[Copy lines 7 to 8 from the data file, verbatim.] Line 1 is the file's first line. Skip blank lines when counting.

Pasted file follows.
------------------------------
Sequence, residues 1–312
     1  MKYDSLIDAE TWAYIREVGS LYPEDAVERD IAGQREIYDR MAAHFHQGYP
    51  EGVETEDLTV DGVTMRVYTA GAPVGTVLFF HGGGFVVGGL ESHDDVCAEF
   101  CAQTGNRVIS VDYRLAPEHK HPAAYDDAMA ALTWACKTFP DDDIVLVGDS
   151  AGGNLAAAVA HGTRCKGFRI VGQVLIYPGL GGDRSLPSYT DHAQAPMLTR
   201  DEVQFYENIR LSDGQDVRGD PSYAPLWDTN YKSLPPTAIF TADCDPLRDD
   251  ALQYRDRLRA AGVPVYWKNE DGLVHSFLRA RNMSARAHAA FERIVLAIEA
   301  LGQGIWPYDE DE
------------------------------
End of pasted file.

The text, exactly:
   251  ALQYRDRLRA AGVPVYWKNE DGLVHSFLRA RNMSARAHAA FERIVLAIEA
   301  LGQGIWPYDE DE